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June 1991

Severe Ocular Trauma From a Driver's-Side Air Bag

Author Affiliations

Los Angeles, Calif

Arch Ophthalmol. 1991;109(6):774. doi:10.1001/archopht.1991.01080060030011

Motor vehicle accidents are a common cause of ocular trauma in the United States. Most ocular injuries occur in patients not wearing a lap-shoulder seat belt.1,2 The air bag was recently introduced as a method to reduce the consequences of frontal and front angle collisions, which account for more than 50% of motor vehicle accidents involving serious injuries and fatalities.3 Air bags have been estimated to reduce the incidence of brain injury in motor vehicle accidents by as much as 25%.3 Inflation of an air bag may also reduce the frequency and severity of ocular trauma. We describe herein a patient who sustained significant ocular trauma from an inflated air bag during a motor vehicle accident.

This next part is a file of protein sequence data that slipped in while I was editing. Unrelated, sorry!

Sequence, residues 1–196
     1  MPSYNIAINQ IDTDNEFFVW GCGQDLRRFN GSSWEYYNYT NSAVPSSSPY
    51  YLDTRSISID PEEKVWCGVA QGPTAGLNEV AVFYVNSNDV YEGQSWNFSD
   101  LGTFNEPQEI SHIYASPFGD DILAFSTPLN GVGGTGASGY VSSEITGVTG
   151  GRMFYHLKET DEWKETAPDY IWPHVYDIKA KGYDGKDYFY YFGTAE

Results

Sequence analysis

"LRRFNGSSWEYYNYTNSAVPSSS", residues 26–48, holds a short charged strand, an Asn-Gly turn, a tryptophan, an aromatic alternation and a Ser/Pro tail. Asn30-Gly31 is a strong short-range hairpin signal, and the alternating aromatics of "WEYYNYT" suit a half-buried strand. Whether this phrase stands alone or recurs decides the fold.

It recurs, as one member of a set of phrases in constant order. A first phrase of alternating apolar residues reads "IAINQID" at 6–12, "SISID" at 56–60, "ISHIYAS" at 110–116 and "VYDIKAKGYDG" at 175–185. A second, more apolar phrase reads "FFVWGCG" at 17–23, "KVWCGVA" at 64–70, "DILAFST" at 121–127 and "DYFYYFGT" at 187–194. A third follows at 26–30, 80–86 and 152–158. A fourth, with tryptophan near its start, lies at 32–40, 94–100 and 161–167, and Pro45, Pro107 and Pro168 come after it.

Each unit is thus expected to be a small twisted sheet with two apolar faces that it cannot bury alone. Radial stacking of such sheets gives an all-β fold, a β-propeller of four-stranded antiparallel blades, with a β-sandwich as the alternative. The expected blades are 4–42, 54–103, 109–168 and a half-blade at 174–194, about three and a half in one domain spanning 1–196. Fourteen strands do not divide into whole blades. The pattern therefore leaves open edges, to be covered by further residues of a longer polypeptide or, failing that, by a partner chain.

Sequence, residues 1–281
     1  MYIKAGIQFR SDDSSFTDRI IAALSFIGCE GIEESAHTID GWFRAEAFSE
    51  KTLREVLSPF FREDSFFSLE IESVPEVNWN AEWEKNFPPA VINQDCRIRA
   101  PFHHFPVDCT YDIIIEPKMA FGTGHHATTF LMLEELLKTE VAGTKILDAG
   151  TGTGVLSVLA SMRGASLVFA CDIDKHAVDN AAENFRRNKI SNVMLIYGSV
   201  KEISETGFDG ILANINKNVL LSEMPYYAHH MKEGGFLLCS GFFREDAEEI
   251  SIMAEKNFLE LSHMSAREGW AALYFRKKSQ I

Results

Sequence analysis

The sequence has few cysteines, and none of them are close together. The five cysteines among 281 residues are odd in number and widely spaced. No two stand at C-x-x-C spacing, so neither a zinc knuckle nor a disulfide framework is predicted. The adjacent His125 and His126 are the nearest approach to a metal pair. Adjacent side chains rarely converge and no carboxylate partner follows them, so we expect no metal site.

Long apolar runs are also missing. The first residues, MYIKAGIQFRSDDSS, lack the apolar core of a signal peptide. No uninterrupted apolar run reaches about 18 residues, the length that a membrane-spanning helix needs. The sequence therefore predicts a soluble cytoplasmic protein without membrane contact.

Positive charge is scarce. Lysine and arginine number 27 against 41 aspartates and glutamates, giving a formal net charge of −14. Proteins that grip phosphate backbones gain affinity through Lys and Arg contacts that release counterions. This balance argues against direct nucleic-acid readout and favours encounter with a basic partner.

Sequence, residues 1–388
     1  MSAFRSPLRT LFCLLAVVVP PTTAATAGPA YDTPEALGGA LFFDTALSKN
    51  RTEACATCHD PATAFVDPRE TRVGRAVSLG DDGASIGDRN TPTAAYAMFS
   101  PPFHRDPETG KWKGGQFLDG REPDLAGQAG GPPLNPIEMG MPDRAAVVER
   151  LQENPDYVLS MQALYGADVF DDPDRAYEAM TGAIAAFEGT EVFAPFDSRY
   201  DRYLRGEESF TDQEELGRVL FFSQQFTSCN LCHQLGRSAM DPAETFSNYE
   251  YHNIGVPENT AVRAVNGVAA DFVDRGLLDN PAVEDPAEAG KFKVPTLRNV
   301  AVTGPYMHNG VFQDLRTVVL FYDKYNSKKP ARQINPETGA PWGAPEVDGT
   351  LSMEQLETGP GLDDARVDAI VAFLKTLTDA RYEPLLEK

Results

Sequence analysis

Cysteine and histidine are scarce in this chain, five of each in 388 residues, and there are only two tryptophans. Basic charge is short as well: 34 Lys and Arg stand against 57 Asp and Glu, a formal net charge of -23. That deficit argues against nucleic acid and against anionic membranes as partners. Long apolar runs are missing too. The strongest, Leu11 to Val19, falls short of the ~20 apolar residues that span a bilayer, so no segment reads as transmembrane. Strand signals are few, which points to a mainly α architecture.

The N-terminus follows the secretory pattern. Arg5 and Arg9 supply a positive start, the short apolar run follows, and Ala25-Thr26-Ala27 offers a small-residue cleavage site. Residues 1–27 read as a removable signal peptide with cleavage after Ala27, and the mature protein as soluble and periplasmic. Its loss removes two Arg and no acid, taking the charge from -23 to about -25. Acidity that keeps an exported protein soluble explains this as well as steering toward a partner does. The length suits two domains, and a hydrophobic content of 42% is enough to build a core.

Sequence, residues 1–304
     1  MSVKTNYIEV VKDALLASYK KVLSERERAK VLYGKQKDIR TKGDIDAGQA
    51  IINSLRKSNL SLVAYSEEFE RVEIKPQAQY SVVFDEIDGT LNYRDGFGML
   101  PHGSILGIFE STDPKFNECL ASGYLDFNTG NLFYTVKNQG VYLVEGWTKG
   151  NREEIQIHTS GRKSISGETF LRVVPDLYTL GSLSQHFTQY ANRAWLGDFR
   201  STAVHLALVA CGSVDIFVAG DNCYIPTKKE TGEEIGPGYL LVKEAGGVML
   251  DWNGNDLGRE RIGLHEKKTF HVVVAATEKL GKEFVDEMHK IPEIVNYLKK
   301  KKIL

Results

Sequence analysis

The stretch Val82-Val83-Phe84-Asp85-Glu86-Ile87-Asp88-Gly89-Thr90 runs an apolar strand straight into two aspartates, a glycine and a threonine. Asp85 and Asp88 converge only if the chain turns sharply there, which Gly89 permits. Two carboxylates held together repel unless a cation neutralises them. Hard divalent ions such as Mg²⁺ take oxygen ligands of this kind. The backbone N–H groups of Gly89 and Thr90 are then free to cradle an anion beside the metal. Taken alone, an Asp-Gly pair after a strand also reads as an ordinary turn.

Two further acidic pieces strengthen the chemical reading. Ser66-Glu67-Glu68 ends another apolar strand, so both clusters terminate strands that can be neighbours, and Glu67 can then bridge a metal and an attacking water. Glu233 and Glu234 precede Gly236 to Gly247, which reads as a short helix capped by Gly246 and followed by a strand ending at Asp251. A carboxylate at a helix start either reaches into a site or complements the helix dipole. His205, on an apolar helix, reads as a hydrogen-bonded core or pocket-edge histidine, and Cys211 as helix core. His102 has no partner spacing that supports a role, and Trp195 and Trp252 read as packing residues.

Report of a Case.  —A 26-year-old man driving 35 miles per hour and restrained by a three-point lap-shoulder belt crashed head-on into a tree. The driver's-side air bag inflated during the

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